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Board of Regents Files Lawsuit Against Medical College Foundation

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Atlanta — October 20, 2009

The Board of Regents of the University System of Georgia (USG) announced today that it has filed a lawsuit against the Medical College of Georgia Foundation after many months of attempting to resolve its differences with the Foundation. The lawsuit was filed by the attorney general of Georgia in the Superior Court of Richmond County.

Strains in the relationship were first made public in the summer of 2008 when the regents terminated the Cooperative Organization status of the Foundation. The president of the Medical College of Georgia (MCG), Dr. Daniel Rahn, and others also resigned from the Foundation’s board in subsequent months. The suit contends that the Foundation has refused to cease using the name Medical College of Georgia as it was contractually bound to do and also required to do under the trademark laws of the United States and the State of Georgia.

Additionally, the Foundation is alleged to have violated its fiduciary responsibilities to the Medical College under its Articles of Incorporation and Bylaws; has failed and refused to align its fundraising priorities and efforts with those of the Medical College and the Board of Regents; has refused to furnish, in a timely manner, financial information necessary for MCG’s budgeting and planning purposes; has violated Georgia’s Unfair Trade Practices Act; and otherwise has acted in a manner contrary to the best interests of the Medical College as required by the Foundation’s articles.

The lawsuit also notes that the Cooperative Organization Agreement expressly provided that, on termination, the Foundation was prohibited from using the MCG name, symbols and trademarks and that a separate agreement known as the “Affiliation Agreement” provided that use of the Medical College name, trademark and symbols was subject to the approval of the MCG president.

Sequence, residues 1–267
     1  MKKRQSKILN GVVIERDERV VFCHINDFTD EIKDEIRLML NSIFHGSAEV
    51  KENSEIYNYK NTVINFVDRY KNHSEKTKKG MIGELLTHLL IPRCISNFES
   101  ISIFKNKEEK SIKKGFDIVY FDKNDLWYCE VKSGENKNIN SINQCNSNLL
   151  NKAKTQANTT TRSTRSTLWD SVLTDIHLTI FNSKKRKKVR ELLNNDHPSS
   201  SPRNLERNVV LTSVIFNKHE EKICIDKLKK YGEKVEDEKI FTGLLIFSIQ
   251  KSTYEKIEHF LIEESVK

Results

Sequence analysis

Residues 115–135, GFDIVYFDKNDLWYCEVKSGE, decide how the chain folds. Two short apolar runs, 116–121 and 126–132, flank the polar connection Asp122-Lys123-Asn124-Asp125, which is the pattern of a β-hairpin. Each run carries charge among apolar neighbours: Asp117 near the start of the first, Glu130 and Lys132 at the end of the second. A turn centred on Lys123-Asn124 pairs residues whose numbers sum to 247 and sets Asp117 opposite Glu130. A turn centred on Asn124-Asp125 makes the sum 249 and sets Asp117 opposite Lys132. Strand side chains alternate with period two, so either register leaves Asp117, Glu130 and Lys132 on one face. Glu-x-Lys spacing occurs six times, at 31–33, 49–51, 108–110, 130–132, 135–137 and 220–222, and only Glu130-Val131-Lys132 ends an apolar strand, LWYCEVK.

According to the lawsuit, the Foundation acknowledged its obligation to cease using the name in correspondence after the termination of the formal relationship between the entities and even filed papers to change its name in June, 2009, only to change it back to the Medical College of Georgia Foundation, Inc., in August 2009.

The suit also contends that the Foundations’ Articles of Incorporation and Bylaws require it to supplement and enhance actions taken by the Board of Regents to support MCG, but today, the Foundation makes no effort to follow the fundraising priorities of the Regents and MCG. Rather, according to the lawsuit, the Foundation independently determines its fundraising priorities without regard to the most important needs of MCG. The lawsuit contends that the failure of the Foundation to collaborate and cooperate with MCG and the Board of Regents is harmful to MCG and not in its best interests and could jeopardize MCG’s accreditation and its fundraising capacity.

Formal and informal discussions and negotiations following the action terminating the Foundation’s Cooperative Organization status were intensified in the months leading up to the filing of the lawsuit. Representatives of the Board of Regents, MCG, the Attorney General’s office and the Foundation were involved in those discussions. These efforts have not been successful.

The Board of Regents now believes the courts provide the only means of resolving the relationship between MCG and the Foundation.

Since August 2008, the Board of Regents and MCG have been affiliated with the Georgia Health Sciences University Foundation, a cooperative organization operating within the Board of Regents’ guidelines.

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